Best Places For Saigon Street Food

Best Places For Saigon Street Food

Street food scene in Saigon pervades districts, neighborhood, and alleys; the city boasts many shops selling street food that, at times, Saigon feel like a giant, open-air restaurant. Each day, tens of thousands of street side dish offers up tasty, cheap food in an informal environment on the pavement of the city. But street food is not only about the food: it’s also about the atmosphere and the air. As a friend of mine identified, if you take home with you street food, it does not taste anywhere near as good. Eating street food is the best thing to do in Saigon. Here are 7 streets for you to enjoy street food in Saigon.

Best Places For Saigon Street Food


Border of Phu Nhuan & Binh Thanh districts

Even in the light drizzle of a rainy season evening, Van Kiep Street is a thrilling exhibition of Vietnamese street food. Showcasing variety of dishes all in the space of a couple hundred metres, Vạn Kiếp Street is located in the border of two most vibrant districts of Saigon, Phu Nhuan and Binh Thanh. Neon signs cut the night, lighting the slanting rain as they signal the specialities of each food and drink outlet: ph, bánh canh cua, bánh mì, bánh xèo, bún mm, bún ch, nem nướng,  bún bò Huế, chè – there must be at least fifty different dishes available on this street, and over a hundred bistros to choose from. The street is packed with young Vietnamese – I rarely see any person over the age of 30 – all gathered around a small plastic tables, chatting, eating, gesticulating, laughing.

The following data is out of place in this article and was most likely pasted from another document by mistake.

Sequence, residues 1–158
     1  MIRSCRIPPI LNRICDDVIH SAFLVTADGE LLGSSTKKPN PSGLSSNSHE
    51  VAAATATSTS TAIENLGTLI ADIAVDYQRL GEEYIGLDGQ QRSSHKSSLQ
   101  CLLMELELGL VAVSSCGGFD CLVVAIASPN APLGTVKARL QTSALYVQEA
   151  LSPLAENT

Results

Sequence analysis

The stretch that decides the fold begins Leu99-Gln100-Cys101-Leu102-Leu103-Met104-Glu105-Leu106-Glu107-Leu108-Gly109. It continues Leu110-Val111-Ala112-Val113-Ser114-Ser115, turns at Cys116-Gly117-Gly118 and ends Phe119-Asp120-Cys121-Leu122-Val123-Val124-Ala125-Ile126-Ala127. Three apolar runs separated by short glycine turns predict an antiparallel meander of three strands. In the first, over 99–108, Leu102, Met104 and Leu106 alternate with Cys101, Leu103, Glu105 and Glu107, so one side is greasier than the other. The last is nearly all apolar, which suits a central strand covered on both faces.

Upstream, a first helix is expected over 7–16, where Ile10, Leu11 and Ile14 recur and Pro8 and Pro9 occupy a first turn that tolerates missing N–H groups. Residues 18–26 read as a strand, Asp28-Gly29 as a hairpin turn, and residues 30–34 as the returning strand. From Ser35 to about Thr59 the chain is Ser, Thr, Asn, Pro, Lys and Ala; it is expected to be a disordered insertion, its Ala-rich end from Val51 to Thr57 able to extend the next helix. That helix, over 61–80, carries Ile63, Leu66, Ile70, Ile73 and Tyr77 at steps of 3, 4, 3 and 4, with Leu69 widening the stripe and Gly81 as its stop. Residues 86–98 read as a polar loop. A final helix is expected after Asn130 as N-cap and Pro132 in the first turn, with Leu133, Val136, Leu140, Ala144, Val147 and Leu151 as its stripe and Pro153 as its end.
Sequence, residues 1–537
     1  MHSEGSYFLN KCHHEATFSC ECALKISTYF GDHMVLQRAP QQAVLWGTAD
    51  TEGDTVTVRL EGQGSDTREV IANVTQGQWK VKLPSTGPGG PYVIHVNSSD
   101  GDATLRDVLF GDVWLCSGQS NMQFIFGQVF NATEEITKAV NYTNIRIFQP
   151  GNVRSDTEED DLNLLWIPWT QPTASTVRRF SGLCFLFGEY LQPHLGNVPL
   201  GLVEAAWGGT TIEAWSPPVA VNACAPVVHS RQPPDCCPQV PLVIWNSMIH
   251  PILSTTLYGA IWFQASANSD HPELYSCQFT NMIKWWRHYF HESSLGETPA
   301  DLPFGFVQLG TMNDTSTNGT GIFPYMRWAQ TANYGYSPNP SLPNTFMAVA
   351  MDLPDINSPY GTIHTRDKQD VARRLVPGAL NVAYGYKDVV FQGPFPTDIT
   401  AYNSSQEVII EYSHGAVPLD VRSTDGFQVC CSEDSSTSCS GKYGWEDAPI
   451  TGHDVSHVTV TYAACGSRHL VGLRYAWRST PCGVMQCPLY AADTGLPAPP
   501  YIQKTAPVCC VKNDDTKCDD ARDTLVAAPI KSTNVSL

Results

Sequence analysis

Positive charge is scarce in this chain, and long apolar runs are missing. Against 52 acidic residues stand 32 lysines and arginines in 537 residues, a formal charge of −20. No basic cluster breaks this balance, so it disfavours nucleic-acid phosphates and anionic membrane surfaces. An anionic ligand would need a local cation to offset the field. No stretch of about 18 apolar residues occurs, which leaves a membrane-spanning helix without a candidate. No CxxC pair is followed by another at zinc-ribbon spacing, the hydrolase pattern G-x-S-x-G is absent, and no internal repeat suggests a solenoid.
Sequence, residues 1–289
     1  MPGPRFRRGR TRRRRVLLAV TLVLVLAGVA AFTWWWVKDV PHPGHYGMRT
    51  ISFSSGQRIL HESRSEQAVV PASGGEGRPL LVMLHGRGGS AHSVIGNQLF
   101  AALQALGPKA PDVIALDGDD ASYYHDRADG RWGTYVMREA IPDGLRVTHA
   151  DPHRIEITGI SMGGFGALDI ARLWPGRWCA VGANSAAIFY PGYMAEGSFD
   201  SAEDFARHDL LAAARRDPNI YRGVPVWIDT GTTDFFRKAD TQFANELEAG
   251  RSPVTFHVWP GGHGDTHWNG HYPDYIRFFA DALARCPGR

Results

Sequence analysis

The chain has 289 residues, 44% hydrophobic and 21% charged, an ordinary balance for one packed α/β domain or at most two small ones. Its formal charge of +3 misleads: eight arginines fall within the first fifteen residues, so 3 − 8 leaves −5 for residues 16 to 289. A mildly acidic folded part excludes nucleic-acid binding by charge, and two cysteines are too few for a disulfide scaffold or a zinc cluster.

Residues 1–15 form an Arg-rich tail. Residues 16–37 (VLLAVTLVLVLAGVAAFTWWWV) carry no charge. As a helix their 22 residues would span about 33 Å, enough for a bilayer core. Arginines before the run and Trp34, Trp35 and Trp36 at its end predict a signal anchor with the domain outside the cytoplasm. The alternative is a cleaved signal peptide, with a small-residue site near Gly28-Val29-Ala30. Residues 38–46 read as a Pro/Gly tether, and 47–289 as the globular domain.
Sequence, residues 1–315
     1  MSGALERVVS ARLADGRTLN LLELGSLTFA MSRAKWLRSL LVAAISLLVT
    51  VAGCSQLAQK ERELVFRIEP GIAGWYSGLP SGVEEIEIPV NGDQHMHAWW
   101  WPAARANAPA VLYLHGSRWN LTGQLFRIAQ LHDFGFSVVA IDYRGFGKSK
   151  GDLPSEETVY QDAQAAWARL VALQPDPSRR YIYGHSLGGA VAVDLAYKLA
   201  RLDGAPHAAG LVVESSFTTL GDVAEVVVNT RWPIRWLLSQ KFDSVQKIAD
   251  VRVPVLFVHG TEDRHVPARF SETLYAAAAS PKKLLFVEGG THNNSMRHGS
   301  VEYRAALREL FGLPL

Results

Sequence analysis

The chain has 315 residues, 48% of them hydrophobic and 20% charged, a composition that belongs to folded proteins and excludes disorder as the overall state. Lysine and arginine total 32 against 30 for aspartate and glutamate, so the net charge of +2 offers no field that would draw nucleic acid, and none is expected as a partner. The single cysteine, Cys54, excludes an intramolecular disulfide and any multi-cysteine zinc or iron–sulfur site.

Quán 104 (230 Van Kiep) is a small, trendy place specializing in roasted octopus (bch tuc nướng), which is favorite to Saigon youth at the moment. The spicy, marinated octopus is grilled over a open-air coal barbecue; the scented smoke wafts into the street, enticing all who pass have to stop and eat, like a vaporous Siren. Van Kiep has more than just its fair share of bánh canh cua outlets – a stodgy, slippery, fishy, noodley southern classic: taste it at 63 Van Kiep. Near the intersection with Phan Xich Long Street there are a couple of good bún mstalls. This is a wonderful seafood noodle soup which is crammed full of wholesome ingredients.

Best Places For Saigon Street Food


District 10

Sư Vạn Hạnh is a long, festive street in general, but the section between Ngô Gia Tự and Nguyễn Chí Thanh streets is particularly furious and jam-packed with fantastic street food. This area is dominated by several run-down, apartment blocks built in Soviet-style. There are so many people living so closely together in this neighborhood (and because conditions are so narrowed inside that people would rather spend their timeoutside), the area’s street-life is vibrant. Food stalls, vendors, casual eateries, cafes and bars line the street, all in the shadow of the damaged apartment complex. Young and old, families and couples, everyone take their seats on plastic stools at metallic tables and make the various street treats. The contrast between the energy and color of the street food scene and the grim, concrete bleakness of the apartment buildings (some of which are now in a state of demolition) is extremely compelling.

Best Places For Saigon Street Food